Figure 2

Effects of Scoparone against YHS

From the metabolic profiling analysis in the three groups (control, YHS and scoparone groups), scoparone group showed an inverse trend in both positive and negative modes (Fig. 3). The above description showed that scoparone exerted a significant effect on YHS mice where the global state appeared to return to the normal level. Potential biomarkers can represent the metabolism of YHS accurately. With the exploration of relevant metabolic pathways, a metabolic network for the potential biomarkers and pathways based on comprehensive network analysis was built (Fig. 4). Amongst these, potential enzymes and reactions were discovered which included pentose and glucuronate interconversions, taurine and hypotaurine metabolism, primary bile acid biosynthesis and glutathione metabolism. The involvement of these pathways suggests a potential mechanism for the effects of YHS. It is well known that increased levels of bilirubin directly lead to the skin and sclera xanthochromia, ultimately leading to the occurrence of jaundice. During the metabolism of bilirubin, UDP-glucuronosyltransferase 1A1 plays an important role in transformation from hydrophobicity to hydrophilicity of pentose and glucuronate interconversions. This metabolic process has major biological significance for detoxification and excretion of metabolites including tyramine glucuronide (Fig. 5). After treatment with scoparone, these biomarkers all showed a significant decrease.

Figure 3: Multivariate analysis of UPLC/MS datasets acquired for different group samples.
Figure 3

Score plots for the () Control group, () YHS group and () Scoparone groups in positive mode (a) and negative mode (b). Heat map visualization for the treatment of scoparone on YHS in positive mode and negative mode (c).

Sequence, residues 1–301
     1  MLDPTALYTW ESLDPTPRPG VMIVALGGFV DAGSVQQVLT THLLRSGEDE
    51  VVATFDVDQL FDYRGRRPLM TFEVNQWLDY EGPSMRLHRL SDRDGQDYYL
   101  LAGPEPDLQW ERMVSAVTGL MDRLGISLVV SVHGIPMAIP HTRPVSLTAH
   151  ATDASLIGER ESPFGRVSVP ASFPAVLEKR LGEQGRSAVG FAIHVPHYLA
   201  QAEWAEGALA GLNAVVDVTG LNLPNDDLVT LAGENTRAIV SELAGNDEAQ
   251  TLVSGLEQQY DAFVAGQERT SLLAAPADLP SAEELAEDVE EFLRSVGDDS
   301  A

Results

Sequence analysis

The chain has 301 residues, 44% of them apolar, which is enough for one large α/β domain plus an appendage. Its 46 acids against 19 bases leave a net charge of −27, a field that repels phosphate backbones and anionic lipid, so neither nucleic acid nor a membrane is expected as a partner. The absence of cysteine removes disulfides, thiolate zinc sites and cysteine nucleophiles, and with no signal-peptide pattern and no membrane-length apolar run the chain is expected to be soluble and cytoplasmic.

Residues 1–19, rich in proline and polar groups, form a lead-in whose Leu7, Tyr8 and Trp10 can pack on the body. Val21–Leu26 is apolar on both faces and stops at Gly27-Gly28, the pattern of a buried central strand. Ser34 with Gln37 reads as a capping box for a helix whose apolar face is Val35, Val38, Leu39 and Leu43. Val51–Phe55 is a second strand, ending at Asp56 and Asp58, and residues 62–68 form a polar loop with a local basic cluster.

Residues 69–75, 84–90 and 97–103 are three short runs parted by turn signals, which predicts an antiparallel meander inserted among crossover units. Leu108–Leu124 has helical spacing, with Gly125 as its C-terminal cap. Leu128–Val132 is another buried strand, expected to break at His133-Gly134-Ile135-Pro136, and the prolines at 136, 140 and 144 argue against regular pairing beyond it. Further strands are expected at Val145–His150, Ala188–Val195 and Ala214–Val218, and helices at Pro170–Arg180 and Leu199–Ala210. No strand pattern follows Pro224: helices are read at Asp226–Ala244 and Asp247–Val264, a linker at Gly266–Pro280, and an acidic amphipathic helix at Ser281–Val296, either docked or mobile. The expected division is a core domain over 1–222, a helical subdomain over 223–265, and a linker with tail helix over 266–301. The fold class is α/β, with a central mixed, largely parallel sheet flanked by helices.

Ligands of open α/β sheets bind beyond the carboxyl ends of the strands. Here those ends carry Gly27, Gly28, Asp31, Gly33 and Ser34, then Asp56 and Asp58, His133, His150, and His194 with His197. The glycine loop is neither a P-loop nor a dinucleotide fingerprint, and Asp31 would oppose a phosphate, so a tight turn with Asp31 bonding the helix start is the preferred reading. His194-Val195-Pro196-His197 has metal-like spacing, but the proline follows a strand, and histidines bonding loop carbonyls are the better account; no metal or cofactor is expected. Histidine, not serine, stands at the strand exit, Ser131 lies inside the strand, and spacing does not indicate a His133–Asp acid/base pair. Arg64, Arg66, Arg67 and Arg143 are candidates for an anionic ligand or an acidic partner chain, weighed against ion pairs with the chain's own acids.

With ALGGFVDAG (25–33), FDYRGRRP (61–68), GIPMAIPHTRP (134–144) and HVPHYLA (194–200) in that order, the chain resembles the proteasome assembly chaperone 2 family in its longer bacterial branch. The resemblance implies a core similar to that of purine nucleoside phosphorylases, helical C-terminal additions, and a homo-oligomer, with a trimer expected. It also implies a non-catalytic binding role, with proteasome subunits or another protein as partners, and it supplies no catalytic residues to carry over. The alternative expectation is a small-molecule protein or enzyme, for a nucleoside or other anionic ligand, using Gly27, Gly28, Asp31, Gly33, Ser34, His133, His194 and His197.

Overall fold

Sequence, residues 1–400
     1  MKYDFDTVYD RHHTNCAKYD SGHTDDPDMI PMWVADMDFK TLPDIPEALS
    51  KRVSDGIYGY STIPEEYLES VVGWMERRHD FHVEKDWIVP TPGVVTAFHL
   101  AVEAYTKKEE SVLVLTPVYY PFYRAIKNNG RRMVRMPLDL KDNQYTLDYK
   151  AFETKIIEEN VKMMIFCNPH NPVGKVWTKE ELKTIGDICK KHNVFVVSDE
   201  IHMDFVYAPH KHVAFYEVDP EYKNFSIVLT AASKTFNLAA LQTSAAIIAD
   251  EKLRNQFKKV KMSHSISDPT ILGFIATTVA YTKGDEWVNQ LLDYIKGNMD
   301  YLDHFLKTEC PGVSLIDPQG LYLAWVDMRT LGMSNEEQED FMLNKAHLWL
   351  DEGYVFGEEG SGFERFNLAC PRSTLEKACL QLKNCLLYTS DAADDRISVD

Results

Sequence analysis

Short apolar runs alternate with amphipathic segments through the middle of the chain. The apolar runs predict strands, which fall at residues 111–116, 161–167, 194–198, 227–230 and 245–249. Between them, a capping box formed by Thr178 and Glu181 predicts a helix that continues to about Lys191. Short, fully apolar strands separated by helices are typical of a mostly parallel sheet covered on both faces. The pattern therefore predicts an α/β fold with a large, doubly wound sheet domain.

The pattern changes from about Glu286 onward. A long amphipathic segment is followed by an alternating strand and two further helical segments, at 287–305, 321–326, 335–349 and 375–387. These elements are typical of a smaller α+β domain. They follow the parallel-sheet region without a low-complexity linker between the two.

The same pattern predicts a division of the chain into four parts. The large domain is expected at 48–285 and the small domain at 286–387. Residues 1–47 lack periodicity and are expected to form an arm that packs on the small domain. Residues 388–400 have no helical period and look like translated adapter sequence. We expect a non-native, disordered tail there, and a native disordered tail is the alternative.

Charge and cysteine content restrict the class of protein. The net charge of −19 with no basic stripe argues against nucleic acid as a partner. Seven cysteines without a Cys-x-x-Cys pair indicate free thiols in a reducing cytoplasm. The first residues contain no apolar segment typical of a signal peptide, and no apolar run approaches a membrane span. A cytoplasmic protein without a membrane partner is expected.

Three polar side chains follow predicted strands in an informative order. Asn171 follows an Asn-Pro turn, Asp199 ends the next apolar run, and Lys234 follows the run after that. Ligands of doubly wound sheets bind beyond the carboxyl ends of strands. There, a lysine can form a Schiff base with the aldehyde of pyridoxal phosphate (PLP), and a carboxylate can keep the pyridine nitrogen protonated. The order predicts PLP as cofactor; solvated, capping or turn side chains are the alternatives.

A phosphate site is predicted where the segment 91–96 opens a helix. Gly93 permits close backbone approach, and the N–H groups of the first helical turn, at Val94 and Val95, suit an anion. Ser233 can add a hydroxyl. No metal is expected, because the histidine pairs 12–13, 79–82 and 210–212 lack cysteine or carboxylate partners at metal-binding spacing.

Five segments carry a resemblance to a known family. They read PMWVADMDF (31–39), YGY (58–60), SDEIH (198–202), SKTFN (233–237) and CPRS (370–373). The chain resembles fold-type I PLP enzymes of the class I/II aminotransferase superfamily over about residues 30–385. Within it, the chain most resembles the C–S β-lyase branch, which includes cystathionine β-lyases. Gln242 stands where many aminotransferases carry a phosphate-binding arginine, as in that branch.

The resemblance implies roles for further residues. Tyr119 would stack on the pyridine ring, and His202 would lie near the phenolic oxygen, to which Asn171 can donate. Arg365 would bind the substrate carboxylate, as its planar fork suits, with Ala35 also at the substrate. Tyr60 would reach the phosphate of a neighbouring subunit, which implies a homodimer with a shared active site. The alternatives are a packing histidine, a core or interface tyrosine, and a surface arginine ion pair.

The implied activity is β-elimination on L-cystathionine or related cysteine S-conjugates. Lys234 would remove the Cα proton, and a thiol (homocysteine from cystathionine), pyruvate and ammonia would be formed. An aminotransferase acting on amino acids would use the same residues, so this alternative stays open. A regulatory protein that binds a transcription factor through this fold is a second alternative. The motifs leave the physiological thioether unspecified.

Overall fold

Figure 4: An overview of the perturbed metabolic networks in response to YHS according to KEGG analysis.
Figure 4
Figure 5: Scoparone regulates marker metabolites of putative effects based on KEGG analysis.
Figure 5

Correlation analysis of biomarkers between clinical samples and the YHS mice model

CMS cannot be diagnosed using the traditional biochemical index. The emerging metabolomics methods used in this study possessed a comprehensive and dynamic viewpoint which is a more suitable approach for the characterization of CMS. Focusing on biomarkers which have potential roles in the regulation of metabolism may reveal the underlying biological mechanism. In a previous study from our group23, we have reported urine metabolomic analysis for biomarker discovery and detection of jaundice syndromes in patients with liver disease, the results indicated that metabolites contributed to the complete separation of jaundice from matched healthy control patients. These biomarkers were used for analysis of the YHS mice model. Using comparative analysis of biomarkers between clinical samples and the YHS mice model, ten common biomarkers were identified as the same molecular structure which had interaction in key pathway associated with YHS, strongly suggesting the established YHS mice model is highly specific and relevant for the study of the human condition.